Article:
July 24, 2017

Don’t Bank On The Bomb  Dec 2016 Briefing Paper.

“…….Nuclear weapon producing Companies

This report identifies 27 companies operating in France, India, Italy, the Netherlands, the United Kingdom and the United States that are significantly involved in maintaining and modernising the nuclear arsenals of France, India, the United Kingdom and the United States. This is not an exhaustive list. These companies are providing necessary components and infrastructure to develop, test, maintain and modernise nuclear weapons. The contracts these companies have with nuclear armed countries are for materials and services to keep nuclear weapons in their arsenals. In other nuclear-armed countries –Russia, China, Pakistan and North Korea – the maintenance and modernization of nuclear forces is carried out primarily or exclusively by government agencies.

Aecom (USA) Aecom provides professional technical and management support services and is part of joint ventures that manages the Nevada National Security Site (NNSS), previously known as the Nevada Test Site, as well as Lawrence Livermore (LLNL) and Los Alamos National Laboratories (LANL), key fixtures in the US nuclear weapons infrastructure.

Aerojet Rocketdyne (USA) Aerojet Rocketdyne, formerly known as GenCorp is involved in the design, development and production of land- and sea-based nuclear ballistic missile systems for the United States. It is currently producing propulsion systems for Minuteman III and D5 Trident nuclear missiles.

Airbus Group (The Netherlands) Airbus is a Dutch company that produces and maintains the M51.2 submarine-launched nuclear missiles for the French navy, it is also developing the M51.3. Through joint venture MBDA-Systems, Airbus is also providing medium-range air-to-surface missiles to the French air force.

BAE Systems (United Kingdom) BAE Systems is involved in the US and UK Trident II (D5) strategic weapons system programmes. It is also the prime contractor for the US Minuteman III Intercontinental Ballistic Missile (ICBM) system. BAE Systems is also part of the joint venture providing medium-range air-to-surface missiles for France.

 Bechtel (USA) Bechtel manages the Los Alamos and Lawrence Livermore national laboratories in the US, which play an important role in the research, design, development and production of nuclear weapons. It also leads the joint venture for management and operation of the Y-12 National Security Complex in Tennessee and the Pantex Plant in Texas.

Boeing (USA) Boeing is involved in the Minuteman III nuclear intercontinental ballistic missiles in the US arsenal. It also provides the US and UK Trident II (D5) with maintenance, repair, and rebuilding and technical services.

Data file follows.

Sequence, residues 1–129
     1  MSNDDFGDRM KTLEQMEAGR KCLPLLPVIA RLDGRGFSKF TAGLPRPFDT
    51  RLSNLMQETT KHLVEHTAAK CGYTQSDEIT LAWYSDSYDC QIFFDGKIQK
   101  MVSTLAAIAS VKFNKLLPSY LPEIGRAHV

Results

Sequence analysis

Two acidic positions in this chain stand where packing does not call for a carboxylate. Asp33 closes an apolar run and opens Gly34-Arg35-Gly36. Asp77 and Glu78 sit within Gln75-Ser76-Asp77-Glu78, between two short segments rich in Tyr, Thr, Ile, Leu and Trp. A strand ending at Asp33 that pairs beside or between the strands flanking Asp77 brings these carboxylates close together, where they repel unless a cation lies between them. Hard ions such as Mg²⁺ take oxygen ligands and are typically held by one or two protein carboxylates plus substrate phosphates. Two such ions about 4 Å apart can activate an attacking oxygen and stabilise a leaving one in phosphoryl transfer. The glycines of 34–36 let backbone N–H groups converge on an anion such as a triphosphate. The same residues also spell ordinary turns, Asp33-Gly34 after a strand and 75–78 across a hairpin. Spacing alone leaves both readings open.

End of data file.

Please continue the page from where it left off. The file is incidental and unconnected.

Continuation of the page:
BWX Technologies (USA) BWX Technologies (“BWXT”) formerly known as Babcock & Wilcox Company Babcock & Wilcox manages and through joint ventures operates several US nuclear weapons facilities including the Lawrence Livermore National Laboratory, Los Alamos National Laboratory, and Nevada National Security Site (NNSS), previously known as the Nevada Test Site, each of which are engaged in various aspects of nuclear warhead modernisation.

Charles Stark Draper Laboratory (USA) Charles Stark Draper Laboratory (“Draper”) is the prime contractor for the Trident Life Extension (LE) boost guidance and is manufacturing the guidance system for the Trident missile system in use by the UK and the US.

CH2M Hill (USA) CH2M Hill is one of the joint venture partners in National Security Technologies (NSTec) that manages the Nevada National Security Site (NNSS), previously known as the Nevada Test Site, a key fixture in the US nuclear weapons infrastructure.

Engility Holdings (USA) In February 2015, Engility acquired US-based TASC. It is involved in the research and development for the Solid Rocket Motor Modernization Study of the Minuteman III system for the US arsenal.

Fluor (USA) Fluor is the lead partner responsible for the management and operation of the US Department of Energy’s Savannah River Site and Savannah River National Laboratory, the only source of new tritium for the US nuclear arsenal.

General Dynamics (USA) General Dynamics provides a range of engineering, development, and production activities to support to US and UK Trident II Strategic Weapons Systems. It is also involved in the guidance systems of the Trident II (D5) nuclear missiles of the US Navy…

Prolonged slump in uranium prices makes Cameco a poor investment

July 24, 2017

it is highly unlikely that its financial performance will improve drastically, making it an unappealing investment.

Don’t Try to Catch This Falling Knife   https://www.fool.ca/2017/06/01/dont-try-to-catch-this-falling-knife/  Matt Smith | June 1, 2017 The world?s second-largest uranium producer Cameco Corp. (TSX:CCO)(NYSE:CCJ) continues to suffer, posting a first-quarter 2017 net loss which dragged its stock lower; it’s almost 13% down for the year to date. This has attracted the usual bargain hunters who believe that Cameco is now an appealing, undervalued investment but this couldn?t be further from the truth.